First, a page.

for USask Instructors and Students

Principle 1:



  • The goodwill you show online will help to create a safe space for learning and productive community of learners. - Guidelines for Academic Conduct
  • Keep in mind that your instructors and peers have feelings and imperfections just like you. Follow this basic rule: if you wouldn’t say something in-person, don’t say it online.
  • Critique ideas, not people. Take action if you receive threatening or inappropriate messages by connecting with the appropriate channel.
  • Engage in scholarly discussions by sharing your ideas and knowledge and responding meaningfully to others.
  • Be aware of course deadlines and post in a timely manner.
  • Be patient. Expect a delay of 24-48 hrs before someone responds to your messages (or any other communicated schedule/frequency).

Principle 2:


  • Determine which elements of your online life you want to share with students and which elements will remain private.
  • Use language appropriate for the learning context.
  • Just like F2F, be attired for the classroom. Consider your appearance and background when filming: what’s the non-verbal story you are telling?


  • Respect others’ privacy. What’s said in class stays in class. Be discreet with others’ personal details and opinions on sensitive issues.
  • Keep your microphone muted when you’re not speaking, and follow instructor guidelines about your video settings.
  • Ensure you are dressed appropriately for your online class.
  • Be aware of what your peers and instructor can see and hear when live or recording. Try using a neutral background.

Principle 3:



  • Read a message aloud to yourself to interpret the tone before sharing or sending.
  • Consider the student’s privacy before forwarding an individual student’s question to the whole class or using reply-all. Ask permission before sharing ideas/questions that they’ve only shared with you.
  • Set clear guidelines about expectations. Have students contribute to the norms of the group. Remind them frequently of these norms.
  • Encourage students to share their perspectives and to be curious about what others are trying to convey in their messages. Our Learning Charter, Educator Commitments
  • Be present. Contribute to the course discussions and correct errors or misconceptions with kindness.
  • Focus assessment on your course outcomes, not primarily students’ mechanical errors.
  • Plan for ways for students to collaborate in small groups, peer review, or engage with each other and be clear about how it will be assessed.


  • Use formal salutations. For example, use the greeting “Dear Professor [last name]” instead of “Hey”.
  • Include your full name and use your USask NSID email* when emailing your professor or anyone else in your course. Use a spelling and grammar checker.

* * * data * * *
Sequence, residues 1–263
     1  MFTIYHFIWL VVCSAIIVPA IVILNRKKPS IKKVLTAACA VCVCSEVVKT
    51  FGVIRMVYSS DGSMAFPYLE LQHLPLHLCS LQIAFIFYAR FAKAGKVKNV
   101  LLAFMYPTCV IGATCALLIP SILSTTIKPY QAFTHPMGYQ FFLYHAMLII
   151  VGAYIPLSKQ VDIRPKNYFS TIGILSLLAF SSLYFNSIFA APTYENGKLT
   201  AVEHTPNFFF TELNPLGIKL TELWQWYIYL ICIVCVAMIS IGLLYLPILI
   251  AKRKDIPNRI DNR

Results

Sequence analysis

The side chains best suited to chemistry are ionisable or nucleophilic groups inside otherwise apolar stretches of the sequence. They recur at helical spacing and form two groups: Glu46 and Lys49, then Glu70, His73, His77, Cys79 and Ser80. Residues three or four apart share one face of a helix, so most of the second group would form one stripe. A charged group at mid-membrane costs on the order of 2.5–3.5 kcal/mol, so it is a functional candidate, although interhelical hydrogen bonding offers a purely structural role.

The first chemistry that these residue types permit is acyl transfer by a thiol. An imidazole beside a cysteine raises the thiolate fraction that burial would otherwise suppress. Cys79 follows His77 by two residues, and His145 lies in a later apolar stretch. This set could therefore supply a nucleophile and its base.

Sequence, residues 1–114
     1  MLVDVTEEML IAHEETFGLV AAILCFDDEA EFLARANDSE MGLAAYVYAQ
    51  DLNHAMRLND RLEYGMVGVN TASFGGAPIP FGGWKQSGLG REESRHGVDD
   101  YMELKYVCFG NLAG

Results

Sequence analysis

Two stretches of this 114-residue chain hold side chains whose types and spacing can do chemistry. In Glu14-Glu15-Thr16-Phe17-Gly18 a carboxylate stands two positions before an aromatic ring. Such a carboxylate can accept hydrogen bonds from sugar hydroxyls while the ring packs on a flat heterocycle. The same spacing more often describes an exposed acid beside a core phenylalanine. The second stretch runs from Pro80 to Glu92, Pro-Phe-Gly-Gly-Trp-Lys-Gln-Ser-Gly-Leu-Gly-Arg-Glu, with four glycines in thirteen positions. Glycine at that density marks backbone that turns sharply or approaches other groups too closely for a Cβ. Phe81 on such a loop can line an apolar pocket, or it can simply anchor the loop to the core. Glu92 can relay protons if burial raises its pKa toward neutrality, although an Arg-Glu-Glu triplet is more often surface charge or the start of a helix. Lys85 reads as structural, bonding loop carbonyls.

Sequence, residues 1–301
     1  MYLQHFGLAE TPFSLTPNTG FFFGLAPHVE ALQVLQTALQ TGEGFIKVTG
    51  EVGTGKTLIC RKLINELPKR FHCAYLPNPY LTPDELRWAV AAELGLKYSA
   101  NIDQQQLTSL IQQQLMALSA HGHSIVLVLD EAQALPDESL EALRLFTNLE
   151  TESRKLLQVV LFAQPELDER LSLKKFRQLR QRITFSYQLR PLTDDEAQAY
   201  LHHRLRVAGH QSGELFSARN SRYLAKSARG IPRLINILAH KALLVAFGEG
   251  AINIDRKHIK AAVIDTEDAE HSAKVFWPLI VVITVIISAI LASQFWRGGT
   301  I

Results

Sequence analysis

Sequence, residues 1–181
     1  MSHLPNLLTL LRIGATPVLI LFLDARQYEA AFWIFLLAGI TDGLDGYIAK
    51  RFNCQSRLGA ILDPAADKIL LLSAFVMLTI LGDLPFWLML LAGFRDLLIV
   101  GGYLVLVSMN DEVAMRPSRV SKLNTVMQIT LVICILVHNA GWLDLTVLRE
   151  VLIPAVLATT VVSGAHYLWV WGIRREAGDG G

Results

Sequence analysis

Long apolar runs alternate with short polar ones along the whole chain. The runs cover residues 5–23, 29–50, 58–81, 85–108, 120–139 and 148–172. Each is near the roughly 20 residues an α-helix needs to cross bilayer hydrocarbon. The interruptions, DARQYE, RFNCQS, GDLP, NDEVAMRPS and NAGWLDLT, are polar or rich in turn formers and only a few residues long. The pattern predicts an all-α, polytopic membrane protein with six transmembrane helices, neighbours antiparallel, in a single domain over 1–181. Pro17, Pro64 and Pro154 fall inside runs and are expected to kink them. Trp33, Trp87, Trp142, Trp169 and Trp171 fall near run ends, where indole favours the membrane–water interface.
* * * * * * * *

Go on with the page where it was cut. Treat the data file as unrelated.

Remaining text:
• Read your messages aloud before posting to help verify the intended meaning and identify basic errors in writing.
  • Find out from your instructor if they feel it is appropriate to use emoticons in communicating within the course.
  • Utilize course communication tools with discretion.
  • Remember that this is an online course, not social media; take care to approach your class respectfully. If a discussion or collaboration leads you to feel impassioned, slow down, and resist the temptation to post impulsively. Take some time to formulate your response.
  • Add value to the conversation and move the discussion forward by engaging in discussions that foster productive exchanging of knowledge and ideas. Our Learning Charter, Student Commitments

*Your default university email is based on your NSID, a unique combination of 3 letters and 3 numbers, followed by

Principle 4:



  • Ensure that you are appropriately using the works of others in your class in a way that is respectful of Canadian copyright law.
  • “If it was okay to do in class, it is often okay to do online; especially when online access is limited to the same enrolled students (for example via an LMS*).”  [Shifting Your In-Person Course to Online: Copyright Considerations]

*LMS - Learning Management System:  ie. Blackboard or Canvas


  • Do your research ahead of time so you don’t post misleading or incorrect information, and always reference your sources.
  • If you are unsure about copyright, visit the USask Copyright website to learn more and get help.

Comply with university expectations for appropriate conduct. None of the advice above, however, is to be construed as restricting your freedom to raise controversial issues or views within the context of an open, healthy and respectful dialogue.



Video created by: H. McWhinney and M. Boucher - USask
  • Netiquette detailed page for
    USask Instructors and Students:  
    PDF / Word
  • Netiquette Video (featured right) - Writing Skills Video Series, by Heather McWhinney and Martin Boucher, JSGS/SENS, University of Saskatchewan. Use this video resource to reflect on how you might personalize this information and create your own resource(s) regarding netiquette to share with your students.


Other Resources
Updated: July 2021


Creative Commons License This work by the University of Saskatchewan is licensed under a Creative Commons Attribution-ShareAlike 4.0; International License.